afternoon dust

dance & aesthetics, mostly

Look me in the mirror and tell me you’re happy

Resolution! 2011: De Preter & Svensson, Inverted Dance, Hagit Yakira
The Place, London
Friday 18th February 2011

Ulrika Kinn Svensson and Koen De Preter

Ulrika Kinn Svensson and Koen De Preter


Happiness. Sometimes you find yourself in the middle of a moment, either extraordinary or mundane – swimming in the sea, dancing in a club, even watching a ballet – and you’re hit by the realisation that you’re happy. Time shifts down a gear, slows to a crawl, as if your body was trying to make this moment last as long as possible, to squeeze every last drop out each and every movement, sound, and image. At times like these you understand why you’re always rushing to keep up with the world as it flashes by, unable to pause, to let things be for a while. It’s because most of the time, happiness seems fugitive.

Sometimes it’s there, a dance choreographed and performed by Koen De Preter and Ulrika Kinn Svensson, is full of those little moments of bliss, of beauty and the sublime. What passes in a flash is here represented in drawn-out sequences of slow repeated movements, underscoring the fleetingness of such experiences but also their significance, our wish that they would last forever. This emphasis on the transient sits uncomfortably with a spoken text suggesting in optimistic and occasionally mawkish terms that happiness is an enduring state of mind, an ongoing project of “letting go”. We see two sides to happiness: a sudden unexpected sensation of joy and desire, and a lasting attitude and mindset. De Preter and Svensson probe both these aspects, and the exchanges between them, in a performance both humourous and moving. Strangely enough, it is the maintenance of a certain frame of mind described by the text that comes across as the more active and empowering of the two notions. And who wouldn’t want to be a little more happy?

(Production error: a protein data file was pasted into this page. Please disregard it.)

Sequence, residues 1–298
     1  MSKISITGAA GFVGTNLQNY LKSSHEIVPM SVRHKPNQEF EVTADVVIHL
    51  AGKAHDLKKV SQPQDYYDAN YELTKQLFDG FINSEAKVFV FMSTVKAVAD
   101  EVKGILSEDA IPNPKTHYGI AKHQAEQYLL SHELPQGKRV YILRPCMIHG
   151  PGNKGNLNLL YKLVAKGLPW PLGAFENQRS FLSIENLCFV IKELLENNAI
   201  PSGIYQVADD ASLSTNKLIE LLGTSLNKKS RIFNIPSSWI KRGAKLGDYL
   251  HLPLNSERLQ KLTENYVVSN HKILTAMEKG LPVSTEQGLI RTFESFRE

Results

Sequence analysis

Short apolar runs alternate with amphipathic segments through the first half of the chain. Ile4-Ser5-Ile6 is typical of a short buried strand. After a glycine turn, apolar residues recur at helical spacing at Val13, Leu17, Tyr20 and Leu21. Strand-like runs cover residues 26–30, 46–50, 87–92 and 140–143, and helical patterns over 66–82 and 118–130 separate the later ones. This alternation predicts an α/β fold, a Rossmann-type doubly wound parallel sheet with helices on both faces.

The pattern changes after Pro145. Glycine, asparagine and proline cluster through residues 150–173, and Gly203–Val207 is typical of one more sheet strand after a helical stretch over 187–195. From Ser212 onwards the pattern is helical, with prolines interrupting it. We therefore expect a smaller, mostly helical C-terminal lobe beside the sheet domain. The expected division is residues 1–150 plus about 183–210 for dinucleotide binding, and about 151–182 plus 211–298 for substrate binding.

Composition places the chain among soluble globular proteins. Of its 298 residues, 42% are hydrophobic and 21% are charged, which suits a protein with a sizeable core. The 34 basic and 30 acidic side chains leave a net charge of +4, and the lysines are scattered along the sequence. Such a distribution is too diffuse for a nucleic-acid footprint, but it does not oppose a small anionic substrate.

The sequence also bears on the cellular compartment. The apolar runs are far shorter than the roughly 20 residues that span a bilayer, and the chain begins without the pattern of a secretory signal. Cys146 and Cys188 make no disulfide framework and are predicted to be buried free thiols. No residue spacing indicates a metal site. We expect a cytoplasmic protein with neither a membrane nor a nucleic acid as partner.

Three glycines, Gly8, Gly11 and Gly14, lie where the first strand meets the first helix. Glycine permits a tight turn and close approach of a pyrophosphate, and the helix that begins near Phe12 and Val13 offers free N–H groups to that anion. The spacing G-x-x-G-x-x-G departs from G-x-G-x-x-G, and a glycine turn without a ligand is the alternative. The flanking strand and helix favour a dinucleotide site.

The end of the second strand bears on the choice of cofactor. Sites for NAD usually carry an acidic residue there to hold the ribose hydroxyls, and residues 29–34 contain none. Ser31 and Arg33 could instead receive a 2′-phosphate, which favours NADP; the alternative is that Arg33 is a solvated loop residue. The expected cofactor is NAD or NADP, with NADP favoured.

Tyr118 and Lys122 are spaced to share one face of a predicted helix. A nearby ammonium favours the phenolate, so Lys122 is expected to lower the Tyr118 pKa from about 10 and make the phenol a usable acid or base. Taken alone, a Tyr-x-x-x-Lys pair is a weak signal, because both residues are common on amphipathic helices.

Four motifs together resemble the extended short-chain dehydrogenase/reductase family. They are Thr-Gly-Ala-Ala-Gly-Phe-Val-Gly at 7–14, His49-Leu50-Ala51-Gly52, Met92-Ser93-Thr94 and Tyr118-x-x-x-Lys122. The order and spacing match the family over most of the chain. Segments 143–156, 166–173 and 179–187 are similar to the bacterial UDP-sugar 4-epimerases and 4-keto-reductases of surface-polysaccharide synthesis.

The structure of Hagit Yakira’s Sunday Morning bears some similarities to that of De Preter and Svensson’s work, in that you have to watch the whole piece in order for motifs introduced near the beginning to make sense. Sunday Morning is about memory, but it is far from a romanticised wallow in nostalgia. Instead, Yakira uses moments of confusion, uncertainty and violence to raise challenging questions about our most intimate memories of family and childhood, the recollections most central to our sense of self and our understanding of the world. In this she brought to mind Yasmeen Godder’s seminal I’m Mean, I Am, another visceral take on domestic relationships, but Yakira develops these themes in her own intelligent and often witty style. I thought it was brilliant, but then again I’m biased: the next performance of Sunday Morning will be at The Gulbenkian in Canterbury on Thursday 3rd March, in an event produced by yours truly!

Both dances discussed so far are made better by some excellent dramaturgy (from Yarit Dor and Lou Cope and Annette van Zwoll, respectively), helping to give shape and clarity to the choreographers’ ideas. Inverted Dance’s It started at the end could benefit from such dramaturgical assistance. The dance claims to use a “reordered time sequence” (perhaps in the manner of Alejandro González Iñárritu’s 21 Grams?) to tell the story of the rude interruption of a couple’s evening. Although I could pick out the couple in question, I was lost as to the identity of their unexpected guests, their motives for trying to separate the couple, and the reason for their eventual departure. I did see some acrobatic moves though, and quite how the dancers managed to leap, flip and slide around without ever colliding with each other or the furniture is one of those impressive displays of showmanship that has long been integral to theatre.




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